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An extended epiphenotype for an extended phenotype in Toxoplasma gondii infected feral house mice

Citation

Vyas, Ajai et al. (2022), An extended epiphenotype for an extended phenotype in Toxoplasma gondii infected feral house mice, Dryad, Dataset, https://doi.org/10.5061/dryad.b5mkkwhh3

Abstract

Parasitism of mice by Toxoplasma gondii reduces the host's aversion to cat odors, likely increasing predation and transmission of the parasite to its definitive host. This behavioral change suggests a parasitic manipulation where host behavior becomes an extended phenotype of the parasite. Independently, epigenetic changes within an organism are now known to create behavioral change. The results described here provide an experimental connection between these disparate strands of extended phenotypes and the role of epigenetics in behavioral diversity. Using mice captured on Kangaroo Island in Australia, we demonstrate that Toxoplasma gondii infection leads to specific DNA hypomethylation events in the host brain. Previous laboratory studies have shown that these epigenetic changes underlie the central processing of cat odors. We posit that the concept of extended phenotype can be expanded to extended epiphenotype, thus linking parasite genes to host behavior through epigenesis. This phenomenon has broad implications for inter-species relationships.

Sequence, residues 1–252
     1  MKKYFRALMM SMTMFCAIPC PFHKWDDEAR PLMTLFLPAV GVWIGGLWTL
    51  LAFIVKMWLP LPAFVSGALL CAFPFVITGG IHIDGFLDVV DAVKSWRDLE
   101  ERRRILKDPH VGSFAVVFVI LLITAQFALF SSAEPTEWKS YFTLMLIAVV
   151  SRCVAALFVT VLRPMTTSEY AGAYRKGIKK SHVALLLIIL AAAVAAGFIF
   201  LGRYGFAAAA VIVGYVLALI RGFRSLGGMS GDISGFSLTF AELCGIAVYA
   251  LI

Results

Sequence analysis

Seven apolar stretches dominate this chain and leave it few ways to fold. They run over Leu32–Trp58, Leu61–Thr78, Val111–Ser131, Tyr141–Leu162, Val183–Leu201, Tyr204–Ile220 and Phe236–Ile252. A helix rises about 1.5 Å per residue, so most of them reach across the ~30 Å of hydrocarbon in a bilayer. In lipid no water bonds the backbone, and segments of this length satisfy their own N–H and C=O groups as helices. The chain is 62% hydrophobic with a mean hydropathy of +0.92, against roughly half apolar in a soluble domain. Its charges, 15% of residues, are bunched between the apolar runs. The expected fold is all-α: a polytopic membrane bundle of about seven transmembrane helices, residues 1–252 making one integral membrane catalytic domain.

Funding

Human Frontier Science Program, Award: RGP0062/2018